Firstly, crashes. The thing is, we don’t do crashes on consoles; they’re not acceptable. I know that PC players don’t feel as though they’re living the dream unless nothing works properly, but consoles are all about instant, smooth, gratifying experiences. And we can’t troubleshoot these impenetrable boxes – our lives are in your hands, dudes. Crashes frighten us, because the memory of those red rings of death still linger. And consoles are fragile little things; they’re not like PCs, designed to be hard shut-down whenever anyone feels the motivation to do so. Every time you make me hold the 360’s power button until it spins down you might as well be making me chip away at the disk drive with a compass, or remove a random bit of plastic from the disc loader. You’re killing our consoles Blizzard. Think about that.

Secondly, what the fuck is up with the completely unreadable UI for skills? You might as well not bother having those icons on screen. It seems like an obvious point but we’re not sitting at desks, inches away from our monitors. We’re on sofas, a couple of feet from the TV. I can just about tell when a skill is usable, but only if I take the time to compare its mild slightly-grey colouring to one which I know for a fact is usable and one which I know for a fact isn’t. I don’t have time to do that in the thick of battle. And as for the timer which shows the cooldown? I can’t see that unless I get up off the sofa, walk to the TV and thrust my entire face into it.

Solution: Make the cooldown timer two distinctly different colours, and put a glow or shiny ring around the icon when it’s usable. Solves two huge problems in a couple of simple steps.

Third, why do PC players get a detailed run-down of stat effects on their weapons, but we don’t? Is it because you think that console players can’t handle the maths? Let me assure you, everyone who is interested in any Blizzard game on any platform fetishises numbers and detail to a worrying extent. Again, I quote: “We don’t want to simplify the game. We just want to streamline the experience.” (Joshua Mosqueira again. He gets around a bit doesn’t he?)

Well, that’s not streamlining. That’s removal of content for seemingly no purpose. The Give Gold screen also falls into this trap. Oh Blizzard, why? Why the Give Gold screen? Are you worried that console players are too busy and streamlined to type in a number? Keypads are cool. Use a keypad. Or let us scroll each digit up or down. Do you know what? Do anything, just about anything else except what you did. Play some more console games, the question of ‘how should players with no access to a keyboard type in a number?’ has been answered time and time again in a number of perfectly usable and sufficient ways. The answer is not ‘by pure luck, perseverance, and the drive to overcome frustrating hardship’.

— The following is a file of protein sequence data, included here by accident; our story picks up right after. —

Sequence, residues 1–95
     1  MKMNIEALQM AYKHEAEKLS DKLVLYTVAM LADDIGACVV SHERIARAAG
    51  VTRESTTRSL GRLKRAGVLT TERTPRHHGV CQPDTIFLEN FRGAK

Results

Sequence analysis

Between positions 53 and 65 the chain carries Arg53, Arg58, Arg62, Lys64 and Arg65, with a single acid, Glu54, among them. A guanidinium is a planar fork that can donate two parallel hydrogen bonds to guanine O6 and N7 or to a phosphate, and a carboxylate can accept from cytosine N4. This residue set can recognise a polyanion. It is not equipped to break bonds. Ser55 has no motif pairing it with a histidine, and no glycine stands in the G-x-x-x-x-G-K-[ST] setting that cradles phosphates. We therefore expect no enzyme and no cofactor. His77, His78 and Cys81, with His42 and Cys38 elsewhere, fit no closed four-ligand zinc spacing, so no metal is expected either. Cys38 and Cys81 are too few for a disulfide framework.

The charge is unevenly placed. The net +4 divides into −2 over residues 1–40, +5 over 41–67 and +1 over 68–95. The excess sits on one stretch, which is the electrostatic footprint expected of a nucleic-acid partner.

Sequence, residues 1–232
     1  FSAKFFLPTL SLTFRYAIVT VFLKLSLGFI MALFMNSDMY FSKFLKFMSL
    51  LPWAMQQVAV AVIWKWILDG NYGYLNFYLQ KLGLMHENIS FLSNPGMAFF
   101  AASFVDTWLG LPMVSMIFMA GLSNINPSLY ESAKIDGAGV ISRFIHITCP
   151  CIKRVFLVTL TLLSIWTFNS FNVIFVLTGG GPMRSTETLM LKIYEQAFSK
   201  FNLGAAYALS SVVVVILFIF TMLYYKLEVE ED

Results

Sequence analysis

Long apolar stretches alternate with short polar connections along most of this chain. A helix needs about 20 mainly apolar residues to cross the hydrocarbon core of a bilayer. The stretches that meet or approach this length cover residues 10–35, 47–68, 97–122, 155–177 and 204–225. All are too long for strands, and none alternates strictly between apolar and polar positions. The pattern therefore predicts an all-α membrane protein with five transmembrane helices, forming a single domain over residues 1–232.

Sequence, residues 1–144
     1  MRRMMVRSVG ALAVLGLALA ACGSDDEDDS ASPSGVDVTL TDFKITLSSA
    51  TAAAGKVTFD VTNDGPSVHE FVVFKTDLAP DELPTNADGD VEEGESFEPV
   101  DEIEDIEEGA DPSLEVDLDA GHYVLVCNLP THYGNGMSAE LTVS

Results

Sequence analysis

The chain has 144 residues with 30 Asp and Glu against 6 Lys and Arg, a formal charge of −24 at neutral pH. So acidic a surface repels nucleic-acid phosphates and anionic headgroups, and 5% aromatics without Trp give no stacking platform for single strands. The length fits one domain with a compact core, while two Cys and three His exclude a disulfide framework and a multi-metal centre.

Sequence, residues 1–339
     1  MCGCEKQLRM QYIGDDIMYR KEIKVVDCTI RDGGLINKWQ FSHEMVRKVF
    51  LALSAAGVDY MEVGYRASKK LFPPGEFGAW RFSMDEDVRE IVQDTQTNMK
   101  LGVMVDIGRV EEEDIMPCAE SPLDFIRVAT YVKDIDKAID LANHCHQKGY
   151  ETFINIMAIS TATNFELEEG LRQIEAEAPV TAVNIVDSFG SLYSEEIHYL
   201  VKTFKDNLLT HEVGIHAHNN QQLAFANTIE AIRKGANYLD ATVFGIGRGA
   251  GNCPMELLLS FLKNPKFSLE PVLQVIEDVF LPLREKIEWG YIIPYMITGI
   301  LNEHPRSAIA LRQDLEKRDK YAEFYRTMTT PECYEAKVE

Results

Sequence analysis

Diablo-3-Console-Ad-01

Fourth, I feel slightly patronised by the inexplicable reordering of inventories when junking or unjunking items. This doesn’t happen on PC; I checked. So why would it happen on consoles? It makes no sense. Your items are in an order. Cool: I will go through them one at a time. Therein does the mindless fun of the dungeon crawler lie. But when I interact with one, other things change order, or shoot to the bottom or top of the list. What are you doing? Is this meant to make it easier? It doesn’t – it makes it more time-consuming and less smooth.

So there’s a few little bits for you to mull over – no charge, happy to help.

Where the real meat of my woes lie is in local co-op. In my opinion, local co-op should have been at the top of your priorities, because in having a PC version and a console version on the market you have two very similar products out there. Local co-op is the thing which consoles excel at and PCs fall to pieces over. None of what I’m going to talk about for the rest of this article is true of Diablo III as a single-player console experience or as an online console experience. It’s all problems with local co-op, which is the main reason why a person would choose to purchase Diablo III on a console instead of – or as well as – a PC.

This is something you seem to recognise, given this quote: “Diablo plays best when you’re playing with other people… [That’s] the whole idea of having to get four people on the same couch playing together.” (Josh, you quote-slut. Can I call you Josh?)

Given all that, why does local co-op seem like it’s been given the bum deal in many ways? Let’s start with the simple stuff. Local co-op players get less messaging than everyone else, presumably because otherwise it would be confusing as to which player the message is aimed at. Well, each player has their own corner – put the message in that corner. Another problem solved.